Tribune Print Share Text

Are organic foods healthier?

Created date

August 23rd, 2011

Researchers from Cornell University recently showed that if a label reads organic, people believe the item is healthier and better tasting. Study participants sampled identical organic foods that were labeled as either organic or regular. They overwhelmingly preferred the taste of the products with an organic label, and also perceived that the foods were more nutritious and worth extra money. Organic foods have a health halo, which is the assumption that they are more natural, more nutritious, more wholesome, and safer than conventional foods, says Mary Lee Chin, M.S., R.D., owner of Nutrition Edge Communications in Denver, Colo., and consultant to the International Food Information Council.

What organic means

The U.S. Department of Agriculture (USDA) formulated national standards for the use of the word organic as a result of the Organic Foods Production Act of 1990. An organic label means a product was produced without antibiotics, hormones, pesticides, herbicides, irradiation, or bioengineering. In addition, organic farmers have to follow guidelines regarding soil and water conservation and humane treatment of animals. People sometimes think other labels such as natural, sustainable, or local carry the same weight as organic, says Rachel Greenberger, M.B.A., managing director of Food Solutions, a cross-sector action tank at Babson College in Babson Park, Mass. But these are ambiguous terms that have no standardized definition. Claims on meats such as range-free or hormone-free, while usually truthful, do not necessarily mean organic, Chin adds.

Other considerations

Organic foods can contain toxins just like conventional foods, Chin explains. Potatoes that have a green tinge below the skin contain solanine, which can make you ill if eaten in large amounts. Whether they re organic or not, potatoes produce this toxin when they re exposed to too much light. Plants also produce toxins as a defense mechanism when a crop is infested with pests, she adds. Contrary to what some people believe, organic foods can be processed and may contain preservatives. Organic foods may have vitamin C, salt, or sugar as opposed to artificial preservatives, Chin says. Not everything at your local farmer s market is organic. You have to ask the individual farmer about their growing practices, Chin advises.

More nutritious or not?

With regard to pesticides and other residues, the amounts on conventional foods are typically far below levels that could be harmful, Chin says. But you should always wash all produce including organic to remove as many contaminants as possible. People want to know whether organic foods are better for you than foods that were exposed to pesticides, herbicides, or other substances in the growing process, says Austin Welsh, M.D., medical director at Tallgrass Creek, an Erickson Living community in Overland Park, Kans. The nutritional value of a product is more closely related to how it s handled, Chin says. With produce, factors that can affect nutritional value start with the type of seed, when it s planted, the type of fertilizer, and the temperatures and water conditions in the field. After it s harvested, the storage temperature, how it s transported, how it s handled in the store, and how you handle it at home all affect how nutritious it will be when you eat it. The longer it takes for a food to go from field to plate, the more it may deteriorate in terms of nutrition, Greenberger says.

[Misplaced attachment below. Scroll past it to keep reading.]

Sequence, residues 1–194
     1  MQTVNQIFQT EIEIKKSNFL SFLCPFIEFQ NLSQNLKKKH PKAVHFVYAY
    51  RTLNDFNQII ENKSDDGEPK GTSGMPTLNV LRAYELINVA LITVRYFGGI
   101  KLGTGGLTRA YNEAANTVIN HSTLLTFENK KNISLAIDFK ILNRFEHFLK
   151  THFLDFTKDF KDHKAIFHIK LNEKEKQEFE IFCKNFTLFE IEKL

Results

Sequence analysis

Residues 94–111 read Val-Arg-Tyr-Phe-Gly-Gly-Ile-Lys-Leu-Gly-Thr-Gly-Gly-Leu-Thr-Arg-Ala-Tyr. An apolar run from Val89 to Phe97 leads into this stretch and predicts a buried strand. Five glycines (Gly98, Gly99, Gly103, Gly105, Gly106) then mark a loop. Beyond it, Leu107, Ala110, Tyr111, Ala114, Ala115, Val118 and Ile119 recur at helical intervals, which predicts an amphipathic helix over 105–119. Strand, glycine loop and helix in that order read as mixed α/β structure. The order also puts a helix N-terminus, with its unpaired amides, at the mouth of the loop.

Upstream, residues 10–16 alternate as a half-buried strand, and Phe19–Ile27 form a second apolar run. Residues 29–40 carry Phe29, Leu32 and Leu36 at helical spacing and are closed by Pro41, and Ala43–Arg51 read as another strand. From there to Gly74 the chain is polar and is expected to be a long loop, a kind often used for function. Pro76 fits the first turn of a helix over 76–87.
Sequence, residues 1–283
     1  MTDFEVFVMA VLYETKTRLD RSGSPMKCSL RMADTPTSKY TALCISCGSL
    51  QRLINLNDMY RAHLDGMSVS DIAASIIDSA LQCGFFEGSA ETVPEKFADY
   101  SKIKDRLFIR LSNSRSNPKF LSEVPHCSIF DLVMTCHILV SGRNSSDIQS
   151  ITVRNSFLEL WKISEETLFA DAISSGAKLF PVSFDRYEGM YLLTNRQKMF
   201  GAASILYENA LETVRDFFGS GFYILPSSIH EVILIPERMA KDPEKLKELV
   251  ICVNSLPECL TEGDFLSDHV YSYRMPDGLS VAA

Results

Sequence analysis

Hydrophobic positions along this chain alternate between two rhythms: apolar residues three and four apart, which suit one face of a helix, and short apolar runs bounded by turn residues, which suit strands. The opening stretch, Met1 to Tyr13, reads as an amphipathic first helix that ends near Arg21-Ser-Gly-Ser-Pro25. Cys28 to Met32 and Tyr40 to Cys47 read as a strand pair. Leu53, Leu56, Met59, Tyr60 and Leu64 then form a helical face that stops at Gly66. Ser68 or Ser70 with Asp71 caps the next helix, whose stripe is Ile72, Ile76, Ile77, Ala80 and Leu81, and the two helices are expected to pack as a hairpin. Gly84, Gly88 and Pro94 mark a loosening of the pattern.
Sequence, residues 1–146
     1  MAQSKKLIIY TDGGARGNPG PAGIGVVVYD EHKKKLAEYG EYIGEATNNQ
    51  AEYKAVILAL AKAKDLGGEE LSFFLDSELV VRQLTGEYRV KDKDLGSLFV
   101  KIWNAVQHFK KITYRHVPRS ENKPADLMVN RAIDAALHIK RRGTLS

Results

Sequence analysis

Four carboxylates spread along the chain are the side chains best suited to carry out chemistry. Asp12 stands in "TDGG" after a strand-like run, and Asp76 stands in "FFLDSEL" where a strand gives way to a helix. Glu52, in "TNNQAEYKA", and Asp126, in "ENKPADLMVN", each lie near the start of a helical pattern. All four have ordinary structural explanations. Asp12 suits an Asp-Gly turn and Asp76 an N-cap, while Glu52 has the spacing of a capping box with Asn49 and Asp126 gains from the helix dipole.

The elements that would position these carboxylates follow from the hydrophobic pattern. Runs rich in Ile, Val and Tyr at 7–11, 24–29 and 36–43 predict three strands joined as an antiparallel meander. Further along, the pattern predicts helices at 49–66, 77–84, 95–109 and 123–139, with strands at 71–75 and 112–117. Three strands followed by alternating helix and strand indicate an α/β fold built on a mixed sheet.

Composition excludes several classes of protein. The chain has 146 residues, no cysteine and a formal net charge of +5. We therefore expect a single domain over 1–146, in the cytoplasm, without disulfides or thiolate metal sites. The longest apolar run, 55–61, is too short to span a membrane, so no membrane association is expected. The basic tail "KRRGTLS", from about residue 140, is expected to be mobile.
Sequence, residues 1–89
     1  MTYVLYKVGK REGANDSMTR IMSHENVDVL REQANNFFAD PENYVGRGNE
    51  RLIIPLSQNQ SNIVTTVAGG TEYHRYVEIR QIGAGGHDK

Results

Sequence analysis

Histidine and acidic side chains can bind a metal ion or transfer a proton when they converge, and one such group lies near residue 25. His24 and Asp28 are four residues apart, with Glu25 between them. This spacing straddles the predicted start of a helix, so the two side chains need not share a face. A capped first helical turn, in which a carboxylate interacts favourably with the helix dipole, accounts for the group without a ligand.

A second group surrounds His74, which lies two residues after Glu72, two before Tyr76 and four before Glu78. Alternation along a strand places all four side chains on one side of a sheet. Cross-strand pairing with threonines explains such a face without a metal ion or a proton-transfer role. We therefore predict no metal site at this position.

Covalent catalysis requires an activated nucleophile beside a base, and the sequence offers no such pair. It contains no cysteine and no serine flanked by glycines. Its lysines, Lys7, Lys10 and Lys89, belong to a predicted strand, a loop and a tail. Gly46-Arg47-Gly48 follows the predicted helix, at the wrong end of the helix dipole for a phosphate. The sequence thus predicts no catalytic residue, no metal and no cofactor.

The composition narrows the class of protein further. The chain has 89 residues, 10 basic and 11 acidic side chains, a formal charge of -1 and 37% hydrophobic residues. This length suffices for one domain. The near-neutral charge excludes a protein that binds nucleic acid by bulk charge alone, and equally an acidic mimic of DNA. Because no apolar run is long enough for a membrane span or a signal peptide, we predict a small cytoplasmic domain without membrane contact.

The added expense

Organic famers typically have to hire workers to pull weeds, remove bugs, and other tasks, Chin says. A great amount of labor goes into growing produce without the use of pesticides or herbicides. Because of the higher cost, it may not be realistic to always include organic foods in your diet. If you are on a limited budget, it s better to eat as many fruits and vegetables as you can, rather than strictly buy organic and eat less, Chin advises.

The bottom line

We know through research that a diet high in fruits and vegetables decreases your risk of many diseases. These studies have been done on all types of produce, whether organic or not, Chin explains. I encourage my patients to eat plenty of fruits and vegetables regardless of where they come from, Welsh says. How organic is it? The USDA has stipulated the following standards for food labels: 100% organic. Made entirely of organic ingredients. Organic. Made of at least 95% organic ingredients. Made with organic ingredients. Contains at least 70% organic ingredients. The USDA organic seal can t be used on these products.